Over nearly my entire life, at least since going through puberty at an early age, there’s been a cold war brewing in my mind and body between sex, stress and depression. There is a seemingly never-ending battle between my libido and the physical and hormonal effects of stress and depression. I would fall from the ecstatic highs of a healthy sex drive to frustrating lows that make you feel like your body has just flipped a dampening switch. I also had those pesky libido reducing hormones that come out only when a women becomes pregnant and has children.
My depression and stress level only worsened so about two years ago I delved into how stress and depression affect your ability to feel any interest in sex or even find it enjoyable. Hormones and chemicals are released that pretty much chase away your sex drive and even diminishes your ability to enjoy sex when you finally get around to it. Depression not only releases chemicals that have a negative effect but also packages it along with negative thoughts. Mentally and physically you can be your own worst enemy when it comes to sex.
There are two factors to look at when assessing depression’s effect on your sex drive. One is how neurotransmitters and hormones released by depression will lower your libido and the other is the mental state of mind in which your brain thinks you out of wanting or enjoying sex. Stress and anxiety can significantly increase at the same time. Research has suggested that all this can trigger the release of hormones that can suppress your sex drive, very similar to how stressful situations release chemicals that produce the same reaction. Basically it’s like the stress of the holidays (feeling overwhelmed, over scheduled and stressed out by family, work or events which can be accompanied by severe depression) all year long.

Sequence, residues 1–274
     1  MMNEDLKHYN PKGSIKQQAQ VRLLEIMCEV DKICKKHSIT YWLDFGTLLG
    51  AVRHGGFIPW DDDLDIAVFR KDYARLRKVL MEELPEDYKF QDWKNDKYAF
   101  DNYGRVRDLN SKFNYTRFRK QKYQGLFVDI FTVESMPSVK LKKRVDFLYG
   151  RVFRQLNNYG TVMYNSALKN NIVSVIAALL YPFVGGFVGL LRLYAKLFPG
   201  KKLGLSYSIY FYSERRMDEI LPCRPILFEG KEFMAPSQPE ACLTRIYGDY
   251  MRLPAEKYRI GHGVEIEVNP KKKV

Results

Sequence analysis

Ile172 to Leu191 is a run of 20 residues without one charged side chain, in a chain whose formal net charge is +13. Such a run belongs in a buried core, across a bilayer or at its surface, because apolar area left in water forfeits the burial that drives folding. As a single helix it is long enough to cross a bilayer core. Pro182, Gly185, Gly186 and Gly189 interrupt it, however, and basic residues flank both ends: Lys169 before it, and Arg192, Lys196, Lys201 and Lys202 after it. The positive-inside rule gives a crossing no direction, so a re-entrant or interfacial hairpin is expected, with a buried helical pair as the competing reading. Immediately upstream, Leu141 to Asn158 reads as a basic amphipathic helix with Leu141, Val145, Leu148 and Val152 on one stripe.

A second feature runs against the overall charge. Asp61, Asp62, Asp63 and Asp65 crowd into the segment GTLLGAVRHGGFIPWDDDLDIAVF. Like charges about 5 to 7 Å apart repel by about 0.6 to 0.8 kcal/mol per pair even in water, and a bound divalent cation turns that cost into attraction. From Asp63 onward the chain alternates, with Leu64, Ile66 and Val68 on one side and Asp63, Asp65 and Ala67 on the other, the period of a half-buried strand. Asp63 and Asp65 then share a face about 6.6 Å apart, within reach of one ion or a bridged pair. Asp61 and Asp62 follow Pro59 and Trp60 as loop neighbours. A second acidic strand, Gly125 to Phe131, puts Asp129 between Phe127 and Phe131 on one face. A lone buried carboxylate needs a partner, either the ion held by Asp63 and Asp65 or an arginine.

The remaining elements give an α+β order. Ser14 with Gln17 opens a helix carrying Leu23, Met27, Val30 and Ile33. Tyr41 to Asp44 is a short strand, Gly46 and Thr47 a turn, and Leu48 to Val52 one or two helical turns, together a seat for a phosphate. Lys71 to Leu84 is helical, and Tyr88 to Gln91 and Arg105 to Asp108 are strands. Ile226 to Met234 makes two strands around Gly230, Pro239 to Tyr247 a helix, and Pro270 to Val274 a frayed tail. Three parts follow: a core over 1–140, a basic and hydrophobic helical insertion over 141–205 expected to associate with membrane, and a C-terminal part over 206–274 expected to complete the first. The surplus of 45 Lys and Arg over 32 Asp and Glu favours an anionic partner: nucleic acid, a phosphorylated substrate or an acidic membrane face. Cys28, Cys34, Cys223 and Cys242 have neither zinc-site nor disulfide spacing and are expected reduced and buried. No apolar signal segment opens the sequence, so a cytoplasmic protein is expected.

Researchers have noticed that the release of neurotransmitters serotonin, norepinephrine, and dopamine have something to do with depression but are not sure how or why. Antidepressants work for some because they regulate these neurotransmitters. Reuptake inhibitors (reuptake is when the released substance is reabsorbed) work to keep these chemicals in your body longer. SSRIs regulate serotonin reuptake and are the most common. SNRIs regulate serotonin and norepinephrine reuptake while NDRIs regulate norepinephrine and dopamine reuptake. The last is represented by only one drug, Wellbutrin. There are also SARIs, MAOIs, Tricyclics and Tetracyclics. I simply have no space here to go over them all. Each works in a different way to prevent reuptake.
While this may work with some people it doesn’t with everyone. An even more disappointing fact is while anti-depressants may make some feel better, pretty much all of them suppress your sex drive. So while they may work to make you feel better, arousal and achievement is difficult if not downright impossible while taking the medication. There isn’t even conclusive evidence on how these neurotransmitters really work to contribute to depression. Concrete research results are difficult to come by. Research continues into depression’s connection to neurotransmitters, the limbic system and the role of the hypothalamus.
When you experience stress and anxiety hormones, the hypothalamus, the adrenal cortex and the pituitary gland all have a part in releasing hormones. Hormones like cortisol and adrenaline (or epinephrine) can be helpful to you in small doses as it increases heart rate, blood pressure and metabolic rate. Basically part of your fight or flight response. Cortisol suppresses low priority functions that make you less effective in times of crisis to help you focus and save energy for things needed to survive. Cortisol will actually inhibit sex hormones. So depression is probably triggering reuptake of chemicals you need to feel better and once you add stress to the menu you are releasing chemicals that suppress your libido.